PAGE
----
Why is a seahorse’s tail square? Scientists have been examining why the square structure of the tail makes for better armour and gripping abilities than a tail with a cylinder structure.
The lead scientist involved in the study is Michael Porter, who is an assistant professor in mechanical engineering from Clemson University. Porter said, “Almost all animal tails have circular or oval cross-sections—but not the seahorse. We wondered why,”
They established that the square shaped tails are better at delivering impact resistance, absorbing energy and gripping. It was also established that the square plates in the tails structure makes it stiffer, stronger and more resistant to stress all at the same time. Interestingly, when any single one of these characteristics is strengthened it normally weakens one or more of the others.
The team established that the square plates moved with only a single degree of freedom when crushed: they slide. In contrast to this measurement a circular plate will shift by two degrees as they rotate and slide. This means the square plate structure can absorb greater levels of energy prior to failure.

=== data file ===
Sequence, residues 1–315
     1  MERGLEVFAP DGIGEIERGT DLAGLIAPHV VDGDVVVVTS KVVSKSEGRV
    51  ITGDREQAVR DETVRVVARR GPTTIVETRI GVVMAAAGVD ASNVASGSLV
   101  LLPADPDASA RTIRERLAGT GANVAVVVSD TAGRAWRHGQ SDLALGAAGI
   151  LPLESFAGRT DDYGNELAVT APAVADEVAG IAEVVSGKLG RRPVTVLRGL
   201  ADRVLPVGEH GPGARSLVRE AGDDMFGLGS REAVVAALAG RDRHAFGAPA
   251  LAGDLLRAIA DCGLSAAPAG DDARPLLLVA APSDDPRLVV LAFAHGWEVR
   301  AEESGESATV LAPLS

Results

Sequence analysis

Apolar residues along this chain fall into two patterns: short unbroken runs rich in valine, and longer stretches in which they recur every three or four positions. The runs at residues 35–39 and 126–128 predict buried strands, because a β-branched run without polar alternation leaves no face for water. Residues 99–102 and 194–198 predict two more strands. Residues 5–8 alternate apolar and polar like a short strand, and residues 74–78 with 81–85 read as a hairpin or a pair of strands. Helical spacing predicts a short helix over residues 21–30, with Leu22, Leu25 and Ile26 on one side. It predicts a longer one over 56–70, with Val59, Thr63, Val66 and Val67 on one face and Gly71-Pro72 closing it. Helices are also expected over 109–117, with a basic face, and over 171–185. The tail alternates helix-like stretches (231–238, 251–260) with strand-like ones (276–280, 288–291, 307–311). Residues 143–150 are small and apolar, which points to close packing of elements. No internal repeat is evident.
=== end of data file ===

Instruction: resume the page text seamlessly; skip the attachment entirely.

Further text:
3D printing was used to reconstruct a sea horse tail, which allowed the team to mimic biological designs. These artificial tails were then tested through being twisted, bent and crushed to establish behaviour. The 3D printing process was also used to produce a more regular cylindrical tail that went through the same tests.
Gripping and grasping
The team established a seahorse’s tail bends in a way that means it can grasp objects in the creature’s line of sight. The testing proved that the square tails are optimised for forward grasping. The square tails were more limited in their movement than the round ones. When the round versions were twisted they took much more energy to return them to their original position.
The team discovered that the joints within the square tails existed in the exact point that failure was experienced in the cylindrical tails. The square tails also outperformed the cylindrical versions in all crushing tests.
The potential uses for these findings include improving the structure of robotic arms that are required to grip. As well as scaling up the structure for robotic use, it could be reversed to a smaller size to produce medical tools like catheters.